So there you go. Wish I could have seen everything I wanted to and more, but I don’t think we did too badly for one evening and one full day.

Traverse Write Here – Fat Alice

I spend quite a lot of time on my own. More so since I recently left seven years of flat sharing in favour of solo living. I’ve named my plants (Nick, Tiggy and Valerie) and spend a fair amount of time looking out of the window from my desk watching the cat over the back (who I have named Seymour) in lieu of being allowed a pet of my own. This is not a bad thing, by the way. I like it. And I need to be on my own, in the quiet, to write. I’m not one of these who can have the telly on or music blaring.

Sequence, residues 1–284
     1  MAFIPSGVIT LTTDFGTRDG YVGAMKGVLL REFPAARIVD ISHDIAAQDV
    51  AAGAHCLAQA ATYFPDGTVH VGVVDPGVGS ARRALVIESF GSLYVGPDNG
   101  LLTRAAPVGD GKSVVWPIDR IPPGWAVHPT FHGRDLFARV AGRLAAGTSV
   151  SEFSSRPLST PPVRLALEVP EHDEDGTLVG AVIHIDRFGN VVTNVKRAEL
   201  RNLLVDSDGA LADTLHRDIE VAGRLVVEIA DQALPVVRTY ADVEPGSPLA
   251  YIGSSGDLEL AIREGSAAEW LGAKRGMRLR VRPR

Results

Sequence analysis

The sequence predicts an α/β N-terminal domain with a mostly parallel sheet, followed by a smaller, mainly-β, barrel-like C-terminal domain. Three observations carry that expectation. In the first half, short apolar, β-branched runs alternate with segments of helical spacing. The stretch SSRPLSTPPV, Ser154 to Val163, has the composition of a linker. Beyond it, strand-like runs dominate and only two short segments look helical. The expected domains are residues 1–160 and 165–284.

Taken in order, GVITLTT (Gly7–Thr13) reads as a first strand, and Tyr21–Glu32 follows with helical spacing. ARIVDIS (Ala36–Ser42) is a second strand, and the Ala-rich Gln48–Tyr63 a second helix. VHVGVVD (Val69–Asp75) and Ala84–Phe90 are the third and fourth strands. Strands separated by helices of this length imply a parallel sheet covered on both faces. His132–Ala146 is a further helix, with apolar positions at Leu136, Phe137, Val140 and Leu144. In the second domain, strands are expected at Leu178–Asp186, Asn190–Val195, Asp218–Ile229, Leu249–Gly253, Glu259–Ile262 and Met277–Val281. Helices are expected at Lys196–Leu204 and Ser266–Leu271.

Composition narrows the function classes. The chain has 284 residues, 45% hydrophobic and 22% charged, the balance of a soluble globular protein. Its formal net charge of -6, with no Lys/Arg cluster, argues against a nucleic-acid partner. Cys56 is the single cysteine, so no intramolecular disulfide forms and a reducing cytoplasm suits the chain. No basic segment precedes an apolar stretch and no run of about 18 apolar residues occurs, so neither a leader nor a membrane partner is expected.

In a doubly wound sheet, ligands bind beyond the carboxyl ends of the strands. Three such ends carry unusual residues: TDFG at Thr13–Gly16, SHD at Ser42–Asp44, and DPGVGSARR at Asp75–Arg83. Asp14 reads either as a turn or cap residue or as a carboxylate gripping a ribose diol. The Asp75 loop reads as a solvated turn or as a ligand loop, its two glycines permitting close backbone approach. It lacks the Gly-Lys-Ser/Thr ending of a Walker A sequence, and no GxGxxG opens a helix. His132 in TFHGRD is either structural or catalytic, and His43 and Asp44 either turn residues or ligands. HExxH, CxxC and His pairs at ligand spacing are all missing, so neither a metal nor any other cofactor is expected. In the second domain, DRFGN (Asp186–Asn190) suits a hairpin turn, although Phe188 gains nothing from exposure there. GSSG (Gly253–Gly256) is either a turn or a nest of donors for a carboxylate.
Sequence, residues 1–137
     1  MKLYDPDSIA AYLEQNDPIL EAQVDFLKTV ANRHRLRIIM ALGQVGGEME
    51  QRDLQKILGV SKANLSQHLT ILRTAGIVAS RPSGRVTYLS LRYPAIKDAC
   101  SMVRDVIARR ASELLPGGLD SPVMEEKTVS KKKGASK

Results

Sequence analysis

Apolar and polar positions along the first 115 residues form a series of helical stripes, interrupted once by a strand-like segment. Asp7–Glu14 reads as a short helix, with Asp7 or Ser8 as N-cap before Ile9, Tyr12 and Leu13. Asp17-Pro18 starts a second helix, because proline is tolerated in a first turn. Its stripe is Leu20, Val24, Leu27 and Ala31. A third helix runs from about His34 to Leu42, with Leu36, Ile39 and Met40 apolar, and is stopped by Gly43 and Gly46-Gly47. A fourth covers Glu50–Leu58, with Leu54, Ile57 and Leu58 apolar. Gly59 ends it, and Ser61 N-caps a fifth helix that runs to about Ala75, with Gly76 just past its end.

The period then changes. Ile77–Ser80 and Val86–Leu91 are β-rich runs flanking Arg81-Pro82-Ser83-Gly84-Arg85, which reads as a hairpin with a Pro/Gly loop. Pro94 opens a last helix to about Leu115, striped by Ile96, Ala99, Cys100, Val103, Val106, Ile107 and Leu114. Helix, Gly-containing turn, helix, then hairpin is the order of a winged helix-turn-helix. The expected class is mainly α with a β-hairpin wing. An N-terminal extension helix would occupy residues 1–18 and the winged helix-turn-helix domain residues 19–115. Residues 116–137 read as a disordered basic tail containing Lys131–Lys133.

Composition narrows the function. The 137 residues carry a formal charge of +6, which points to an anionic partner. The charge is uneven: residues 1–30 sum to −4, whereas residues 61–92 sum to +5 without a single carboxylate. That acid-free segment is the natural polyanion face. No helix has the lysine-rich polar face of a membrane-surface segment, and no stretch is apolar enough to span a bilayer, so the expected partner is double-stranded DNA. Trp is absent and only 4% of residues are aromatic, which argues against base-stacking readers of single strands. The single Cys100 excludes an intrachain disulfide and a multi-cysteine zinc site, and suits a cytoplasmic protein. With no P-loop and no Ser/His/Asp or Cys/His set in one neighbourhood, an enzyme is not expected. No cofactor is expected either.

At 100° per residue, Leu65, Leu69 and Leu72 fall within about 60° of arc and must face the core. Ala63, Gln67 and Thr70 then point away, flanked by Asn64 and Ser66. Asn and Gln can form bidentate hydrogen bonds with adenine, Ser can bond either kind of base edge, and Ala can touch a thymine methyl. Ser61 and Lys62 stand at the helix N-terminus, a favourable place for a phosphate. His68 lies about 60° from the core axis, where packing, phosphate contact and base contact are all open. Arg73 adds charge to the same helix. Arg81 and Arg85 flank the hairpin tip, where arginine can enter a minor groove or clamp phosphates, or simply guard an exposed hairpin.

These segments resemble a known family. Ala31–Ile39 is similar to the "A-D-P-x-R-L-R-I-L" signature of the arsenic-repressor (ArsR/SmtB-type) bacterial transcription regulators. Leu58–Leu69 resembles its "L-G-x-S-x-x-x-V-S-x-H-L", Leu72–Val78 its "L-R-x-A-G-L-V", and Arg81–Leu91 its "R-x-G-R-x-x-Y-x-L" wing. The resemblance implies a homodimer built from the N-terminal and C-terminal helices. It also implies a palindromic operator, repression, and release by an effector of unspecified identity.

I am my work. If I don’t sit on my own at my desk in the quiet then it doesn’t get written. The reward is having the play done – in the hands of a director, in the mouths of actors, an audience there watching and enjoying it.

I’ve been doing a lot of writing this year. So it was with much excitement that I peeled myself away from my desk to head up to Edinburgh for the Traverse Write Here Festival.

As one of the Traverse Fifty I’d had the opportunity to pitch various ideas and was delighted to have my play Fat Alice amongst the lunchtime readings, my audio short Noise in the Headset Play line-up and my Hidden Play secreted somewhere in the building.

I only had two days up there – 28 hours to be exact – so I was going to have to make the most of everything going on. It’s safe to say I spent the time up to my eyes in theatre and I frickin’ loved it.